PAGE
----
Your Fence Building Checklist

A1FenceJan18Building a fence isn’t like making other improvements on your property. You can paint a living room, fix your plumbing, and swap out your appliances without consulting anyone else, but fences impact the entire community.

If you don’t talk to the right people before you get started you may find yourself having to rip out your fence before you begin. That’s why we wanted to put together this handy checklist, so you’d know exactly what to do.

1. Talk to your neighbor.

Why would your neighbor get to weigh in on YOUR new fence?

First, you both need to agree on the location of your property line. If you want to build your fence right on the property line you’ll basically be asking your neighbor to take on 1/2 responsibility for the fence. And if your neighbor does not like your fence or is angry you’ve erected one without talking to him he may even accuse you of building a “spite fence,” which can put you into some protracted legal battles.

Make sure you talk to every neighbor bordering your property, especially if the fence will surround your property.

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2. Talk to your homeowner’s association.

Homeowner’s associations can blindside you in a matter of moments. Their rules on fences are not always clearly outlined in the charter. HoAs are also made up of people, and those people tend to feel they have a right to have a say about what goes on with your property.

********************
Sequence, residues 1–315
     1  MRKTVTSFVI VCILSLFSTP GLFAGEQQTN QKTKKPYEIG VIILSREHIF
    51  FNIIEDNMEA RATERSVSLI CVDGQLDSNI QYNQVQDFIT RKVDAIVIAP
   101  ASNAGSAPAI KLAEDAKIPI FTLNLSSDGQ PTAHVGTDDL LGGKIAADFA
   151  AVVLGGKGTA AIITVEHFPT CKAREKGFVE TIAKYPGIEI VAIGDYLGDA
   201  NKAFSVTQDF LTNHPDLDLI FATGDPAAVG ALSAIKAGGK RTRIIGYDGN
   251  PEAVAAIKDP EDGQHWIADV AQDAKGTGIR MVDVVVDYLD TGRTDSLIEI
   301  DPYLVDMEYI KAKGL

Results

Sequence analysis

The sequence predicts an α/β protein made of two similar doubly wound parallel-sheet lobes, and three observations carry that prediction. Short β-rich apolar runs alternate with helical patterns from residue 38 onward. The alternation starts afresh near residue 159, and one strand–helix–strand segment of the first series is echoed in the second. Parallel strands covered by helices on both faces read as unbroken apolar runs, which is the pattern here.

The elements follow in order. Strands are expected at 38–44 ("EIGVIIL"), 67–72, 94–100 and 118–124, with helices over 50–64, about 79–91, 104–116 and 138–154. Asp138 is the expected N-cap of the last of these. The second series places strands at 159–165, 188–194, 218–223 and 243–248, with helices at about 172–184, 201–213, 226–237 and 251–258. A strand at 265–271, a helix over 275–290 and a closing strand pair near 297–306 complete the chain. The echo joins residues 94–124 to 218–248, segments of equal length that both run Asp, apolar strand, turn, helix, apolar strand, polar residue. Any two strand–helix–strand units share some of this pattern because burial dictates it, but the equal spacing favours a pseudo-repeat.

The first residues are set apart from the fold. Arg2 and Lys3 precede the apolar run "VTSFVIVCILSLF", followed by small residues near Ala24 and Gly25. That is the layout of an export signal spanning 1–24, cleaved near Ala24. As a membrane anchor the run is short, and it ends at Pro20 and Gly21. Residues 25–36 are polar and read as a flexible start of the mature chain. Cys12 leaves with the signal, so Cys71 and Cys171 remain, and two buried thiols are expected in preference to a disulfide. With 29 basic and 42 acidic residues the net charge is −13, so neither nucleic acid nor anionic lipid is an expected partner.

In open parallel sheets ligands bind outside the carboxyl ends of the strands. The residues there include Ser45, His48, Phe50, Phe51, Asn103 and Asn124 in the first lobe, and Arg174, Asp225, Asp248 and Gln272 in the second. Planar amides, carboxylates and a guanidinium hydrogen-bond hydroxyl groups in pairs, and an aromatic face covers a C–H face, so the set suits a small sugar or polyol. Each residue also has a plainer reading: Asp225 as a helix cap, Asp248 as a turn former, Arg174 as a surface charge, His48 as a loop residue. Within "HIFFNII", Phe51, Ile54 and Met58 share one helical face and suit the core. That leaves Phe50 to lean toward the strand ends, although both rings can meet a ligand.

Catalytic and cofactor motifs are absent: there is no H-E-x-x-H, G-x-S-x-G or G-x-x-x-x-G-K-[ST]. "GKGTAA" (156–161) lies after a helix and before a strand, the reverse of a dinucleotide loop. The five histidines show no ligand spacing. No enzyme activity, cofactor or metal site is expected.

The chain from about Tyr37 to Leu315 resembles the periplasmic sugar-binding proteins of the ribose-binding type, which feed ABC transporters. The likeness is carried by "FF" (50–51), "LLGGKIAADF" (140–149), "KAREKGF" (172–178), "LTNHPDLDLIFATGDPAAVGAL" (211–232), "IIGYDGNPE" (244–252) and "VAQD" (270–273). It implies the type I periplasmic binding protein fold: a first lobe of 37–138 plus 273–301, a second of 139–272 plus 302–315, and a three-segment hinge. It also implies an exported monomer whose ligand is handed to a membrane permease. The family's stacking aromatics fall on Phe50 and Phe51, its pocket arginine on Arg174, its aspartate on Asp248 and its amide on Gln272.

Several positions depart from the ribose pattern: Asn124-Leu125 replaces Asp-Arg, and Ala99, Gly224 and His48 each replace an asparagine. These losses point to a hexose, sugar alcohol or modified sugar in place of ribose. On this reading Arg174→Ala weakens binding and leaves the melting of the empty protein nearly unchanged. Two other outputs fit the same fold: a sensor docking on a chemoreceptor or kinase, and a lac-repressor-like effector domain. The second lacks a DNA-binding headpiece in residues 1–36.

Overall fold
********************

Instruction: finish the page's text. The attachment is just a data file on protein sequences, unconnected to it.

It’s not even enough to look around and note other people in your neighborhood have similar fences. Those fences might have been built before the HoA took over. There’s also a political element to the whole thing: some people clash with the board, and some people don’t.

It’s better to be safe than sorry. Put the request for your proposed fence in writing about 6 weeks before you intend to get your fence built. Send it via certified mail. Make sure you get the association’s consent in writing. Otherwise they may force you to tear out your fence and install a new one. Some HoAs will even assess a fine for every day you are not in compliance. It can be messy business. You can go ahead and get the quote before you do this so you can include project details and drawings with your request.

While we can help you make your request as attractive as possible to HoAs we cannot keep track of the individual rules and regulations of every HoA out there. It never hurts to have an informal conversation with the board (bring cookies) to put them in an amiable mood before you make your request.

3. Check with the city.

Every city in our service area has some sort of fence ordinance governing such details as fence height and style. Almost every city in our service area requires a building permit before beginning. We’re happy to help you navigate through the permitting process, but you should be aware of city regulations before you begin. That way you won’t get your heart set on an 8-foot tall spike-topped aluminum security fence.

It may feel annoying to have to involve so many other people in your project, but it’s far less annoying (and expensive) than having to rip out your fence at your own expense before you’ve gotten a chance to enjoy it. Do your homework and have the conversations. Trust us, it will make the entire process run far more smoothly.

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